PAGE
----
Lorraine Gordon, Village Vanguard owner, dies at 95

Ron Scott | 6/21/2018, 3:20 p.m.
Lorraine Gordon, owner of the iconic Village Vanguard jazz club in New York, and one of the few non-musicians to ...
Lorraine Gordon Contributed

Lorraine Gordon, owner of the iconic Village Vanguard jazz club in New York, and one of the few non-musicians to be named an NEA Jazz Master, died June 9, at Beth Israel Hospital in Manhattan. She was 95 years old.

Her death was caused by complications of a stroke she suffered on Memorial Day as confirmed by Jed Eisenman, the longtime general manager of the club.

In 2006, Gordon co-wrote her memoir with writer Barry Singer, titled “Alive at the Village Vanguard: My Life In and Out of Jazz Time.” In 2013, the National Endowment for the Arts honored her with the Jazz Master Award for Jazz Advocacy. Unfortunately, at that time she was too ill to attend the ceremony.

“I don’t know what I would have done without jazz,” stated Gordon during an interview with Gary Walker of WBGO jazz radio. Her lifetime affair with jazz began in the 1930s as a teenager and it just continued to grow naturally, like an oak tree, until it reached the heavens.

In 1940, she went to Greenwich Village, to 178 Seventh Ave. South, and took her first walk down that long narrow staircase into the Village Vanguard. She was 17 and a member of the Hot Club of Newark, a society of jazz aficionados. That was the beginning of Gordon’s never-ending jazz life.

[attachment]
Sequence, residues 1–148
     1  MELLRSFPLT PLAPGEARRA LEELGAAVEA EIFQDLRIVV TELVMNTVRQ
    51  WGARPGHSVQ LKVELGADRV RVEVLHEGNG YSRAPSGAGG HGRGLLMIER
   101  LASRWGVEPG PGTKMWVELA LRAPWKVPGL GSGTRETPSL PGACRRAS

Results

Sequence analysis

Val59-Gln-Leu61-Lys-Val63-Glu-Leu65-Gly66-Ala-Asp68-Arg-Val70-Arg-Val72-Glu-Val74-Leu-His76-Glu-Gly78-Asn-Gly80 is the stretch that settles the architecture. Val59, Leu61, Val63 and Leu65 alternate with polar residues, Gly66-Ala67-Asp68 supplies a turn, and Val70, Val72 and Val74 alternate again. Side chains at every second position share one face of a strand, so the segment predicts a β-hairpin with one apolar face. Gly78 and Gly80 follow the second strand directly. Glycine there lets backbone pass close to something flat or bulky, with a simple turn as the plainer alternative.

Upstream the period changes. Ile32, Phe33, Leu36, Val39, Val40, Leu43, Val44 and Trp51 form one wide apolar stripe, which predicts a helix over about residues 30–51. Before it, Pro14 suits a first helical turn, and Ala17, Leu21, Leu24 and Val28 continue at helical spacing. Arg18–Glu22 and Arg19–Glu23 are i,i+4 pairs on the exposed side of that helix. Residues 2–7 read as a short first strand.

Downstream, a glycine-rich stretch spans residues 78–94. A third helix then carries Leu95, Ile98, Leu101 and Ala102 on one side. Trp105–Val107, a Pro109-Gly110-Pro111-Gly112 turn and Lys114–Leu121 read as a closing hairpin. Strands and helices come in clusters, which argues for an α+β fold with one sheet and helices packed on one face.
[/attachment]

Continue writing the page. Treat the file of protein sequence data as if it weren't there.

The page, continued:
That same year, she met her soon-to-be husband Alfred Lion, a German immigrant, who was the recent co-founder of the then fledgling Blue Note Records. They married in 1942 while Lion was in the Army, stationed in Texas. In Lion’s absence she worked at the label and continued with him after his discharge. She pitched in wherever she was needed. She typed, answered the phones and did all the bookkeeping. She noted in her memoir, “And though I didn’t know what public relations meant, I did that too.”

Gordon noted, “I was captivated by Thelonious Monk. He was an original person.” She took the relatively unknown pianist on interviews and drove him around. In the summer of 1948, while trying to promote Monk she met Max Gordon by coincidence on Fire Island. “I accosted Max Gordon,” she recalled during an interview on WBGO. “I’m all business. I told him about Thelonious Monk. He was very interested. He said, ‘I just happen to have an opening in September.’”

She was thrilled to have Monk booked into the Vanguard. The pianist appeared for a week, but the crowds never came.

“Max was somewhat baffled by that experience,” Gordon said. While working with Monk, she and Max Gordon made a connection. After her divorce from Lion, the following year she and Max Gordon were married in 1949.

“My life was nothing but music seven days and nights, and then I married Max and the music continued,” she noted in her memoir. “I just kept to what I loved, jazz.”

The Vanguard interior remained the same throughout the decades after Max Gordon opened it in Greenwich Village in 1935, a rather small room with seating for 123 people. Originally the club was the place for variety acts, comedians and a beatnik scene for poetry and folk singers during the 1950s. As television came into national popularity those acts were introduced to larger audiences on the small screen, leaving Max Gordon to concentrate on a total jazz venue.